Manual Labourers Earn More: Khadi Workers

Published: 06th July 2015 06:33 AM  |   Last Updated: 06th July 2015 06:33 AM   |  A+A-

Manual Labourers


The relatively lower standards in labour conditions outside the state is taking its toll on a group of women working under the Khadi Village Industries in Kerala.

Even as migrant labourers in the state get one of the best pays for manual jobs, the women working under the Khadi Board in Neriyamangalam only stand to earn, if they slog for eight hours a day, a maximum of Rs 217. Worse, they get the amount in three instalments.

According to the District Khadi and Village Industries Office in Ernakulam, there is no provision for increase in their payment structure because the mission, which is rolled out in collaboration with the Union Government follows the same pattern existing in other states.

“There has been no demands for better pay from other states. So the Centre is of the opinion that it cannot change the payment structure for the sake of workers in just one state,” said Ernakulam project officer Chandini.

Nevertheless, the women working at the Neriyamangalam Khadi unit, along with staff of other units in Kerala organise regular protests, demanding better pay. But they have been of little use so far.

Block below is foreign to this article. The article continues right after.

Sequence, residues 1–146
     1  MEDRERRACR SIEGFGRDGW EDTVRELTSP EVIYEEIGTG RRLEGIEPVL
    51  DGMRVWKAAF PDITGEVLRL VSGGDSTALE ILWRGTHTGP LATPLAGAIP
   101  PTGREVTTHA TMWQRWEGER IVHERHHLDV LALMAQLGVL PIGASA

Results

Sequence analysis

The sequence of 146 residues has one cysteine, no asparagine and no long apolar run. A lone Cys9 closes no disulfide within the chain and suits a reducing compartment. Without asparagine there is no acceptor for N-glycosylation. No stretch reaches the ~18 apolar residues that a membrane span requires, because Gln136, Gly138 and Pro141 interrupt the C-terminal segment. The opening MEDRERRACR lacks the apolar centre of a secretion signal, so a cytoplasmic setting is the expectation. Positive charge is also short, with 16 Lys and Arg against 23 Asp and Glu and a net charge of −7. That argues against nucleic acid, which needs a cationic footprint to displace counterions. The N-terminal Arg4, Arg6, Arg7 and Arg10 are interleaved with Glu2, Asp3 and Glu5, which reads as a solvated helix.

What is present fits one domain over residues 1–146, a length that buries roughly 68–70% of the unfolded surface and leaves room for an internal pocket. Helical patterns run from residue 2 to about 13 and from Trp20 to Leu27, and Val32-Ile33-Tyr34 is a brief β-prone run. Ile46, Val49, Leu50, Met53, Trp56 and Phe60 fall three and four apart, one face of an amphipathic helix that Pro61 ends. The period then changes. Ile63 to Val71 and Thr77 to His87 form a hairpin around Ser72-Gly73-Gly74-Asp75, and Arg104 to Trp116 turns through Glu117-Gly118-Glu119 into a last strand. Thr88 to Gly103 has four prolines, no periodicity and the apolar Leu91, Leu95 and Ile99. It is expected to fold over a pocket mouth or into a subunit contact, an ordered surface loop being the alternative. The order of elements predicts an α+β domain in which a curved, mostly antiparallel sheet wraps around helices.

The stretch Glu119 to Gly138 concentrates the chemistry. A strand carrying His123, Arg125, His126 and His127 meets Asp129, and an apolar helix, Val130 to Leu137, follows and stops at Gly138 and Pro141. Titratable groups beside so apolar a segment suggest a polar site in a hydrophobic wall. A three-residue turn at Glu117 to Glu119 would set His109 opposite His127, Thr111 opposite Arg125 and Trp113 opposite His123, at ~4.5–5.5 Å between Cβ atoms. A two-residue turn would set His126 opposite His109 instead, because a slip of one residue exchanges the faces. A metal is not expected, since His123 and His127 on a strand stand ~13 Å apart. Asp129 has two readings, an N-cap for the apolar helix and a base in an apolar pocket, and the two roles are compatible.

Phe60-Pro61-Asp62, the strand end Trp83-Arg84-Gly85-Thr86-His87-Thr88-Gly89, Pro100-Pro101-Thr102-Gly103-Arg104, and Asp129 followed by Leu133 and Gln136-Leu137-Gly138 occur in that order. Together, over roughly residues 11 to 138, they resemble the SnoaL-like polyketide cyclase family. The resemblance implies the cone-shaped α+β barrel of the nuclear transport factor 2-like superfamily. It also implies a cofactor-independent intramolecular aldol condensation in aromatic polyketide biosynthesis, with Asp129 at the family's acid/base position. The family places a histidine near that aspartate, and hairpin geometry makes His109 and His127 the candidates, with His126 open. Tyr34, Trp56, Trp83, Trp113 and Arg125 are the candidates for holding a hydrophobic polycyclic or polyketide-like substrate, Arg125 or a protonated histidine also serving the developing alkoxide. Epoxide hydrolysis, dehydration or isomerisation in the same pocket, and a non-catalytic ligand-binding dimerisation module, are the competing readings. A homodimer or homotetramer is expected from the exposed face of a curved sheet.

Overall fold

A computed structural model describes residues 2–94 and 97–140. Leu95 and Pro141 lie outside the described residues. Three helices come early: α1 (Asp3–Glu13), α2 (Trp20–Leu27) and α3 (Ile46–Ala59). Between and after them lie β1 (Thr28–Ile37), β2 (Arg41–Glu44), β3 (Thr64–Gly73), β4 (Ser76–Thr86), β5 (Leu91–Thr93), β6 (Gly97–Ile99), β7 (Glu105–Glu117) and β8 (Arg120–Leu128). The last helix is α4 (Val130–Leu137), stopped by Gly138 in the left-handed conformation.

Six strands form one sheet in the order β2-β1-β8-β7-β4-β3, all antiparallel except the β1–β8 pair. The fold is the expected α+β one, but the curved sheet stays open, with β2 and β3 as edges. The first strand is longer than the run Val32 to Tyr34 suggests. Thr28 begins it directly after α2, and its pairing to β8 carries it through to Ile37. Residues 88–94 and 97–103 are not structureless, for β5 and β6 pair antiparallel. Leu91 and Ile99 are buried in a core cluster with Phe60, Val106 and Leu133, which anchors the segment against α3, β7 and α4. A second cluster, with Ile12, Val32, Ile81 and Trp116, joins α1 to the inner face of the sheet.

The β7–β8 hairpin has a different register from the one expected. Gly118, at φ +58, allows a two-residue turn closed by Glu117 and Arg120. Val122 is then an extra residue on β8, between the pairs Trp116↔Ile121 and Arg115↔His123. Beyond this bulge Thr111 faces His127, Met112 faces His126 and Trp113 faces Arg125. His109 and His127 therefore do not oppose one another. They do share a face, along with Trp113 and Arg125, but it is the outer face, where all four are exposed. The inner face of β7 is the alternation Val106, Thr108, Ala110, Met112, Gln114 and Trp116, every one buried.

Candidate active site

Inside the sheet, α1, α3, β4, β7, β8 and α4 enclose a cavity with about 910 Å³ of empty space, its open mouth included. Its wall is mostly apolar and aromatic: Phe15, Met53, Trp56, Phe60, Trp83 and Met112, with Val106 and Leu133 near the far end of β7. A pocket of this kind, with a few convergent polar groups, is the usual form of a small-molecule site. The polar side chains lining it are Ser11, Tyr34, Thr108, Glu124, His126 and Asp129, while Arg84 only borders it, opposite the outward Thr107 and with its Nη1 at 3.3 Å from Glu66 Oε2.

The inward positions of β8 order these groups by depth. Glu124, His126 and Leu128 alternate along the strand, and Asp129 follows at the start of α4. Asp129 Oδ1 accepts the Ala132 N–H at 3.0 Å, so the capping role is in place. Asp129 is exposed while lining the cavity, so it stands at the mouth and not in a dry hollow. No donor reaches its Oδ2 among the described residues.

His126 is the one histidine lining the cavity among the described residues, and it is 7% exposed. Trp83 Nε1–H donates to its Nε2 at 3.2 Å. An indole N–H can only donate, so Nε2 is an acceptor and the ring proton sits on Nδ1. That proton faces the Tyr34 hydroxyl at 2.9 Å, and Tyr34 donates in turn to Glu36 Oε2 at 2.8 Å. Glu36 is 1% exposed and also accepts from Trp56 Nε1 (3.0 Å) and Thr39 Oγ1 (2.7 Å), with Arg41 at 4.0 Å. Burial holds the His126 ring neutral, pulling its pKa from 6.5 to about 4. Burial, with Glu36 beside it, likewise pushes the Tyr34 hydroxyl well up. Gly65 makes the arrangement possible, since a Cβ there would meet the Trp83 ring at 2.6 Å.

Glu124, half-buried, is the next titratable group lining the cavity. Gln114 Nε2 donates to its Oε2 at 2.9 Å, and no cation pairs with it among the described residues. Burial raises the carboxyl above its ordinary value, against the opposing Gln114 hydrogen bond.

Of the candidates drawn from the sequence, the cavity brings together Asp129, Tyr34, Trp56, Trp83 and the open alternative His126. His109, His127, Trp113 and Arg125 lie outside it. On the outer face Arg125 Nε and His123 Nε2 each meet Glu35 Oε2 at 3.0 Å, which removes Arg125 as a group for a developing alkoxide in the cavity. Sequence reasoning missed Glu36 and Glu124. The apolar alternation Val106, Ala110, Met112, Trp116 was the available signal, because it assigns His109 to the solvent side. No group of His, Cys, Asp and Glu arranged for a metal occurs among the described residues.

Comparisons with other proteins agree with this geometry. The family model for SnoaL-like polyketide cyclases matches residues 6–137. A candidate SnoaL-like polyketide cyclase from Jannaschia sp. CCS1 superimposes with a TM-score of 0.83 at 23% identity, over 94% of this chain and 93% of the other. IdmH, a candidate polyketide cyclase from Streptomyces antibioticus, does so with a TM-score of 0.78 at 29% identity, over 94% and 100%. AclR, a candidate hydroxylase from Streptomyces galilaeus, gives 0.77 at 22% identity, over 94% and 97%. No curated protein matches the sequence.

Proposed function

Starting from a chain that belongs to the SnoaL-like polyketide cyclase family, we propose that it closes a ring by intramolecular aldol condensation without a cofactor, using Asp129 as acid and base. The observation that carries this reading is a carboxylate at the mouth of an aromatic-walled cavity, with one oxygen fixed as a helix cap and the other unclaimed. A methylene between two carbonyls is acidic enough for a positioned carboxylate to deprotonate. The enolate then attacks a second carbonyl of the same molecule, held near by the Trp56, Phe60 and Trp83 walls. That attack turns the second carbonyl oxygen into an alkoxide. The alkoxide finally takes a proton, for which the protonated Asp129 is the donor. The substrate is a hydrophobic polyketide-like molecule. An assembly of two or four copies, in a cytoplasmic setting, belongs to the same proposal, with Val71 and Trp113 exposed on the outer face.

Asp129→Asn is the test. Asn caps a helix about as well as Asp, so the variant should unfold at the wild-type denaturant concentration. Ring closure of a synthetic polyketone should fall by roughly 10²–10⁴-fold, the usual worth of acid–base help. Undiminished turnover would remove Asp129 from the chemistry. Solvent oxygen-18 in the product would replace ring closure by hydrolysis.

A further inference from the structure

“Our pay is based on how much cotton we spin into thread at the end of the day. We get Rs 5.60 for every roll(kazha) of thread. If we make 20 rolls a day, we get a DA of Rs 117.67. That means, we can make a maximum of up to Rs 217.67 a day,” said Jessy Saju, a hand-weaver at the Neriyamangalam Khadi Unit.

The workers across Kerala get paid at the end of every month. An officer from the Ernakulam project office in Kaloor counts the rolls and earmarks their pay.

“But we don’t get the full amount every month. Our payment is split into two. One half is released every month and rest usually comes three or four months later,” Jessy said.

That means, they get between Rs 1,000 and Rs  1,500 every month. “How far along can you go with that amount?”asks Sulekha Aliyar, a house wife, who has been working at the spinning unit since 2006 when it started.

“Our job is not that simple. We have to spin the wheels close to eight hours to produce 20 rolls of thread. If we are unable to make 20 rolls, we won’t get our DA. Within the eight hour, if the machine breaks down, which it usually does, we have to repair it ourselves and start the process all over again. That is again loss of time. So, ordinarily, we produce around 15 to 18 rolls a day,” said Aisha P P, another worker.   

Including Sulekha, Aisha and Jessy, there are 13 women working at the unit. Their main demand is for the government to install motors in the weaving machine, so they can increase their output and reduce their physical effort. Though the state supports this demand, stumbling block is the Centre's stance that Khadi should be a hand-made product.


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